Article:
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With the exception of Myspace, I have an account on every single of these sites (plus a few more sites I’m sure I’ve forgotten about). On Facebook, Twitter and Tumblr, I have more than one account: I have my business pages plus my personal pages.
How is one person (or even a whole band for that matter) supposed to manage all of those accounts without: a) Losing their mind b) Spending every waking moment updating
The truth is you can’t.
This is where artists start to make mistakes. They (or their labels/management) hire outsiders to take over updating their social sites. This is a big mistake. Even if you hire the most sophisticated social marketing expert to run your pages, you fans will be able to tell that it is not you posting and will get bored.
So then, what is the solution?
Relax, Prioritize, and simplify.
- Figure out what sites you NEED. For most, that includes a Facebook page and a twitter account. (Yes, you DO need an actual website; that’ll be covered in a later post). Two well maintained profiles are better than ten that are only rarely update.
- Decide if you have time for other accounts and what sites they should be. It all depends on where your fans are. Take a poll on your Facebook page and/or in your next newsletter asking what their favorite sites are. *Limit this to one or two extra sites.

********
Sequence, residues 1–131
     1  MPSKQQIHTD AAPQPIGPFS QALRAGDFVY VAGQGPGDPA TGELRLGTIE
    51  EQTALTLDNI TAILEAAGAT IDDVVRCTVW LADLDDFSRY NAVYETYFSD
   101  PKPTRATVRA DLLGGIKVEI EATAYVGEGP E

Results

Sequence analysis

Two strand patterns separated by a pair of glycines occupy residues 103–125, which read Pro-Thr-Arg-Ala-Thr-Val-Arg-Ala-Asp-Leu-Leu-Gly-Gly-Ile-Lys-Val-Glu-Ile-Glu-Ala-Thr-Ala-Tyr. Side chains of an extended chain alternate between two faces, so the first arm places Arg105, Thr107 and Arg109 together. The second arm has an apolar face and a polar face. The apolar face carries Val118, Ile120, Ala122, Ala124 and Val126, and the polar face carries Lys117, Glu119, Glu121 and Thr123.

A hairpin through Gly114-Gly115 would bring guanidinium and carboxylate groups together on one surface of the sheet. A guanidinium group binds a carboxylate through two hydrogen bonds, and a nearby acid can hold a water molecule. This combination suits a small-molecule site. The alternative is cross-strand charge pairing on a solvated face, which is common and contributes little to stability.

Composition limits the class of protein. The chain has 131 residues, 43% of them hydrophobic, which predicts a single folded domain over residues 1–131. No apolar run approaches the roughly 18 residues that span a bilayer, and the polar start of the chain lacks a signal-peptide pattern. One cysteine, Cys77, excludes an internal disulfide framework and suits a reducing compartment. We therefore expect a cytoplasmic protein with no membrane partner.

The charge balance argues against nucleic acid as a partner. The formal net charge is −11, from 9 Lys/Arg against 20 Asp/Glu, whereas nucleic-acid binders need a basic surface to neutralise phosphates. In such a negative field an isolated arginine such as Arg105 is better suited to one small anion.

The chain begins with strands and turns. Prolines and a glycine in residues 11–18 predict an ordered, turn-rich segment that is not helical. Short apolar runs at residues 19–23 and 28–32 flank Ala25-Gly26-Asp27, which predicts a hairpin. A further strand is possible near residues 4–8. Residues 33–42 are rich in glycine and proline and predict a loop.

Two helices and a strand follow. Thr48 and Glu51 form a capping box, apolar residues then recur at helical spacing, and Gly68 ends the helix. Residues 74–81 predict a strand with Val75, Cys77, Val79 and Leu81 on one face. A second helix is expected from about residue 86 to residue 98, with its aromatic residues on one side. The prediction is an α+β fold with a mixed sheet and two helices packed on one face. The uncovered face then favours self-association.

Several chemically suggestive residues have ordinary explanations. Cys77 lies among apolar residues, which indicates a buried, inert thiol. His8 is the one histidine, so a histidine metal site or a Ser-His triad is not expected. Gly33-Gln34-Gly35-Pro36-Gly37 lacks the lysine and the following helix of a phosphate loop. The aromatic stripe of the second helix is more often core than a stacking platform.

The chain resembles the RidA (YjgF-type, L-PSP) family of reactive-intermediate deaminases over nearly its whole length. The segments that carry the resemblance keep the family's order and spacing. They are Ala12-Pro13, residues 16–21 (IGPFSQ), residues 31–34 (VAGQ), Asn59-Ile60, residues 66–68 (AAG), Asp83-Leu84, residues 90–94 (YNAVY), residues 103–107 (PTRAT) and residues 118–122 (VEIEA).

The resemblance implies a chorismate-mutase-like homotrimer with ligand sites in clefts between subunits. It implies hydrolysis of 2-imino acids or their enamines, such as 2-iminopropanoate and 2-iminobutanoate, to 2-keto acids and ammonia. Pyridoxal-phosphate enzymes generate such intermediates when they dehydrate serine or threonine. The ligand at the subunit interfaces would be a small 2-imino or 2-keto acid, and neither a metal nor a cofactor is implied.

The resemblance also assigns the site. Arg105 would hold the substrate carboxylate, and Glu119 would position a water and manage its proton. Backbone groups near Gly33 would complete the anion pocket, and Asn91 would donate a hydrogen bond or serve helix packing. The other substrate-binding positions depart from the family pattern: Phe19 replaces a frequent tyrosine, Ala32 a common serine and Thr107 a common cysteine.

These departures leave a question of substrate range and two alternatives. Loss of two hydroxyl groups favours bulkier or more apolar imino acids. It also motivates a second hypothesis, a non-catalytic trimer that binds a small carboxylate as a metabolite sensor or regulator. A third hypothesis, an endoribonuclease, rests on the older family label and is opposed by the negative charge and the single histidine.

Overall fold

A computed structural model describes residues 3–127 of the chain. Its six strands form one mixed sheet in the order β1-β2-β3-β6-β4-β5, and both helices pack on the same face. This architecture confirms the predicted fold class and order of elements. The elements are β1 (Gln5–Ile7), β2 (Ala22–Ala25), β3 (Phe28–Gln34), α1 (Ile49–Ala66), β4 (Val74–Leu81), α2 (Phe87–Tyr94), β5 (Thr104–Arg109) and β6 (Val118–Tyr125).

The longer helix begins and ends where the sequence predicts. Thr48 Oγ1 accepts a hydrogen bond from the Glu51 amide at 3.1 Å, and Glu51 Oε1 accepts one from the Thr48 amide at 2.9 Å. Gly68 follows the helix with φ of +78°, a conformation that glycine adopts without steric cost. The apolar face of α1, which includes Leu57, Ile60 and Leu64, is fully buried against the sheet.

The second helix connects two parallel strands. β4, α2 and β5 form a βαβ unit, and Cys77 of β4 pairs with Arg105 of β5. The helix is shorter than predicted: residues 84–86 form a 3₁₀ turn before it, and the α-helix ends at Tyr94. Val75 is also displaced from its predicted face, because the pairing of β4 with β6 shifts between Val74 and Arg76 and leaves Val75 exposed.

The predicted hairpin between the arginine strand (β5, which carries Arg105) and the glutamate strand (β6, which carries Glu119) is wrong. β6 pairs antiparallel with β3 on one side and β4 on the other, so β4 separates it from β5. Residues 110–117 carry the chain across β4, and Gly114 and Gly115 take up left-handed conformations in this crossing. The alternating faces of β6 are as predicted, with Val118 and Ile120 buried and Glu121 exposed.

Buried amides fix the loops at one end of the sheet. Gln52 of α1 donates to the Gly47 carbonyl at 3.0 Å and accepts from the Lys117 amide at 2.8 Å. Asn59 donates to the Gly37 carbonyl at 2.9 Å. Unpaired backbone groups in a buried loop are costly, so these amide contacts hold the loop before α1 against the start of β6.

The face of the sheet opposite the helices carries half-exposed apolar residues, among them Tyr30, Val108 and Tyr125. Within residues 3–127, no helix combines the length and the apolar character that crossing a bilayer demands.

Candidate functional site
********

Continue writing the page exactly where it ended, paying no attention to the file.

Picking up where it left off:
- DON’T try to be everywhere. That is how we got here in the first place.
- Create a Schedule. Life is crazy and updating on a regular basis can get tedious and just downright annoying at times. Blogs/Pages are really easy to forget to updates and grow cobwebs in record time. Setting up a schedule AND reminders for yourself (thank you iCalender) are a good way to keep yourself on track.
- If you’re short on time or patience, go quick and dirty. Instagram is a quick and easy supplement for Twitter and Facebook. A picture is worth a thousand words; a thousand words your fans will love to hear.
- Ask for help. While you need to be the primary updater on your pages, that doesn’t mean you can’t have help. If it did, Dawn would still be the only author for this blog, and I wouldn’t get to share with you all. The key in choosing someone to help update is choosing someone who is close to you and knows you and your brand and is with you frequently. This person can help supplement content on your profiles in between your posts.
- Don’t jump on every hot new site. That’s how we got here to begin with. Stay on top of the new sites through technology reports. If your fans start raving about one you think you should join: go ahead, try it. After a month decide if it is really all it’s hyped up to be. If you decide to stay, you need to reassess your time allowances. My recommendation is: One comes, one goes. If you decide that this new site is better than one of your old secondary sites, sacrifice it in favor of the new one. Don’t just add on.
- Reassess. Every year go back through this process. Poll your fans and decide where you really need to be spending your time and effort.
This can be a daunting process at first, but once it is done you should find that social networking has become far less of a nightmare.